FDA’s Local Offices Flex Regulatory Muscle
In our latest round-up, it was the District Offices turn to chime in on medical device company alleged shortcomings.
As expected, the FDA is shifting more and more of its regulatory focus toward Medical Device Reporting (MDR). In an October 1 letter, the agency’s Baltimore District Office hit Baltimore-based Electronic Development Labs for not having an MDR procedure. Bad idea.
The company may not have recovered very well, either. “The adequacy of your firm’s response dated November 20, 2013, cannot be determined at this time,” FDA’s warning letter said. “Your firm’s response indicates that the development of an MDR procedure was added to a list of action items. In order to determine adequacy, FDA must receive a copy of the MDR procedure for review.” Electronic Develop makes the NervoScope.
The agency also gently encouraged the company to look into eMDR.
As we’ve noted before, FDA eMDR Final Rule requiring manufactures and importers to submit electronic Medical Device Reports (eMDRs) to FDA was published on February 13, 2014. The requirements of this final rule will take effect on August 14, 2015. If a firm is not currently submitting reports electronically, FDA politely encourages it to look into it on FDA’s web page devoted to eMDR.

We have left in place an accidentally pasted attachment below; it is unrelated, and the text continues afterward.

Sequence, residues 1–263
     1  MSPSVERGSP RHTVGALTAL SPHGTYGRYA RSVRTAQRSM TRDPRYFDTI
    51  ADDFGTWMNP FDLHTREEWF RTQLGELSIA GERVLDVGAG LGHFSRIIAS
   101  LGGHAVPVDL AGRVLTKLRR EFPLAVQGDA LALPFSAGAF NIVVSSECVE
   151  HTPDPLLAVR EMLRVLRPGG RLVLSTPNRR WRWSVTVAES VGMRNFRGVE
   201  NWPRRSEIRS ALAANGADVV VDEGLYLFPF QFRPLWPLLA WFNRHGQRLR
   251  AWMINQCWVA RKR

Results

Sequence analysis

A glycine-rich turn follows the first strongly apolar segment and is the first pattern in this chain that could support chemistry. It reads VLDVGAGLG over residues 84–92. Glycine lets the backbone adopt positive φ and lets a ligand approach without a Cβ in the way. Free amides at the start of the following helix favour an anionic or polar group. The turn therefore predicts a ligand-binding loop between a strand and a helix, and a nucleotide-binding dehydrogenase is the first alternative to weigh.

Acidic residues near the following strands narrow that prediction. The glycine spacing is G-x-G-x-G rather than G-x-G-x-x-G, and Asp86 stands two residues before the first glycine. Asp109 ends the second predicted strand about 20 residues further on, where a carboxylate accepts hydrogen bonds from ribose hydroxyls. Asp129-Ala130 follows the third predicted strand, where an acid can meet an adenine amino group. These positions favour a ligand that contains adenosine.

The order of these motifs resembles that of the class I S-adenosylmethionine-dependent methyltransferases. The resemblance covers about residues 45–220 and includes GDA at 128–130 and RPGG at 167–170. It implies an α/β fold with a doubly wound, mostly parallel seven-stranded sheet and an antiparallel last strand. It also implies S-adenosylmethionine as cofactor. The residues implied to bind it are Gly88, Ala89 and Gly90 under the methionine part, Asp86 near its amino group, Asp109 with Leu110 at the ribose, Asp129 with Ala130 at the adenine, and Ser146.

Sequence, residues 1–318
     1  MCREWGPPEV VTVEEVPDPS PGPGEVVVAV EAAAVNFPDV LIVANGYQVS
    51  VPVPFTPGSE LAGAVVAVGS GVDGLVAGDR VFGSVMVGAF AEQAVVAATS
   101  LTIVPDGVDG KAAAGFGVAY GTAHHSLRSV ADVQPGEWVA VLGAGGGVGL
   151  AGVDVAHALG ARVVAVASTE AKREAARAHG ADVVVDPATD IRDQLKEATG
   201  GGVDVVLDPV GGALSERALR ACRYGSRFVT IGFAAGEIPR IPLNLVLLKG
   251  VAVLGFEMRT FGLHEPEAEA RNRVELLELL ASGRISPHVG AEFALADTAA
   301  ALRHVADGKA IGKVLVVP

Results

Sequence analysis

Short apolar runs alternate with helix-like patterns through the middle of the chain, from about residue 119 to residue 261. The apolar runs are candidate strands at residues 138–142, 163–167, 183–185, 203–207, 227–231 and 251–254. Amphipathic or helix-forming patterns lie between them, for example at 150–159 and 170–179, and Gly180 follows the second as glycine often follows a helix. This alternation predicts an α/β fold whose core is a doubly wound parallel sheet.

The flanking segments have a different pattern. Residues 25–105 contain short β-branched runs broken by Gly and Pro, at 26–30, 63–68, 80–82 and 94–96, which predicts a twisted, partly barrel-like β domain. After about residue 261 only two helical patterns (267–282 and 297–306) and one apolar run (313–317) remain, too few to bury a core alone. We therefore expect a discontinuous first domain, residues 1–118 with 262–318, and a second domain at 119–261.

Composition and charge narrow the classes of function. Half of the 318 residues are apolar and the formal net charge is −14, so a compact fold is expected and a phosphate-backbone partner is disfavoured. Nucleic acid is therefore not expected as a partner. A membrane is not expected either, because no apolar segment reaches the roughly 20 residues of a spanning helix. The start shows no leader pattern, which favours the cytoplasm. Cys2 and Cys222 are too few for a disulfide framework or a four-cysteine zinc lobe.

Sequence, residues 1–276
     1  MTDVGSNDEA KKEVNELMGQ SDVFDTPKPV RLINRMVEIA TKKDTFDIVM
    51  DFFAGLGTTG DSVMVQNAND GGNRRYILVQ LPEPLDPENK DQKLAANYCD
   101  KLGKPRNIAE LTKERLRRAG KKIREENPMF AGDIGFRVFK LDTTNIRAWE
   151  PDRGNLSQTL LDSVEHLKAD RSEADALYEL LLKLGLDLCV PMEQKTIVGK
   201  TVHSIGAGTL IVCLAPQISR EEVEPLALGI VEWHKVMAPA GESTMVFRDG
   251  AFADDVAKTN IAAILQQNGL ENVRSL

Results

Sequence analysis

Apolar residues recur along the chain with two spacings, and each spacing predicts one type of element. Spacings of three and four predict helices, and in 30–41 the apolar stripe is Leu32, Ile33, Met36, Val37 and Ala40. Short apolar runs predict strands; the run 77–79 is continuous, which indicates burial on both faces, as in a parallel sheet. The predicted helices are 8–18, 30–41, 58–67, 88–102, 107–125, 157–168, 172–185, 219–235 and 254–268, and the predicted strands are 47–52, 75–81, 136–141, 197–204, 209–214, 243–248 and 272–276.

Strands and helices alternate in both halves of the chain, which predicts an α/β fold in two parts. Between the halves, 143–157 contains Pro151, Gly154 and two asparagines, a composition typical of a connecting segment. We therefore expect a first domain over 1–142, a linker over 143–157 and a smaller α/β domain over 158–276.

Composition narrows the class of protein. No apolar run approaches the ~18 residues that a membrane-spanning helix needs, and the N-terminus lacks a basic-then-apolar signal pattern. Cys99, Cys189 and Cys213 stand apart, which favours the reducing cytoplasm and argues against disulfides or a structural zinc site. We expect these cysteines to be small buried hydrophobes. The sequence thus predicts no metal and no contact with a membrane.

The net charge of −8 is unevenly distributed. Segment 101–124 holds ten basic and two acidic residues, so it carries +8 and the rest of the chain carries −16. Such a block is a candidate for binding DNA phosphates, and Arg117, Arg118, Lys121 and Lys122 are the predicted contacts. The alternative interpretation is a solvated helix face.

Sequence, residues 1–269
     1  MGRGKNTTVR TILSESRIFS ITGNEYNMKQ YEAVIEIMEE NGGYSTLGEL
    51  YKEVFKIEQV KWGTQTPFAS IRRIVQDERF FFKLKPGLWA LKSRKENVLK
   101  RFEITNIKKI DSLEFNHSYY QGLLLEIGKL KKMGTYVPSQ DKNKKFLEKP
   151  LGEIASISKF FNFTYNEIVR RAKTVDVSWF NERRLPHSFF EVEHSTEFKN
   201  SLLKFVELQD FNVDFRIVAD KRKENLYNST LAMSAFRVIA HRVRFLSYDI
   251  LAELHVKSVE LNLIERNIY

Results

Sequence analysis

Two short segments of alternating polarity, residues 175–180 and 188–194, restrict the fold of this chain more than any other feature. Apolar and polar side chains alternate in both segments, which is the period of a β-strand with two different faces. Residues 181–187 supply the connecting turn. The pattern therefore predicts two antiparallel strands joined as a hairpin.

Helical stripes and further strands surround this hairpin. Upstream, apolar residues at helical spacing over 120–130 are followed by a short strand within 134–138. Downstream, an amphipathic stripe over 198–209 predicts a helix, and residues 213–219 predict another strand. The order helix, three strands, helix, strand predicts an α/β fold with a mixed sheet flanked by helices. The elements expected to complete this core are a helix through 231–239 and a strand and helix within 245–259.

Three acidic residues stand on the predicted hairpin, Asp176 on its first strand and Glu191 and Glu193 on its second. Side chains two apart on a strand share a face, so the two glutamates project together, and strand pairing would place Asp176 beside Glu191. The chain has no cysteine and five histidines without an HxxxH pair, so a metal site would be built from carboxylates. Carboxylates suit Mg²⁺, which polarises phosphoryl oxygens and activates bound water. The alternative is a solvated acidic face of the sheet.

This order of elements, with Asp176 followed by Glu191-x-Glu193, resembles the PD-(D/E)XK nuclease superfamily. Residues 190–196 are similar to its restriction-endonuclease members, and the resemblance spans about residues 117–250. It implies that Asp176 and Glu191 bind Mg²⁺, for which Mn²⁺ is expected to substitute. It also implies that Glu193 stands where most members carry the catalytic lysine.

The FDA demonstrated its ongoing interest in CAPA in an October 7 letter from its Los Angeles Office to Alpha Medical, a maker of angiographic balloon catheters.
After Alpha tried to respond to a September inspection, FDA made it clear the reply needed some work. Example: “CAPA 104 was opened on January 10, 2013, concerning non-conformities regarding balloon extension air leaks. The CAPA report references multiple root causes for these leaks; however, not all of these potential causes were analyzed and investigated.”
The agency went on, “Your records reference that personnel was retrained, but the corrective actions for which they were retrained were not documented. Additionally, this CAPA was closed on February 22, 2013, without documentation that an effectiveness check was performed.
In an October 10 letter from the Cincinnati District Office, local regulators challenged West Lake Enterprises, maker of medical gas pressure regulators and suction regulators, with CAPA and other violations, including installation that’s not in conformity with the Current Good Manufacturing Practice (CGMP) requirements of the Quality System (QS) regulation. The company responded, and the FDA came back with additional questions.
The Denver District Office joined in with an October 28 letter to Xanacare Technologies, maker of SimulCare II, a therapeutic lamp/nerve stimulator/massager. The agency hit them for several issues, including problematic design control, device history records (DHR), and complaint handling. As of late October, the agency said it had not received a response from Xanacare.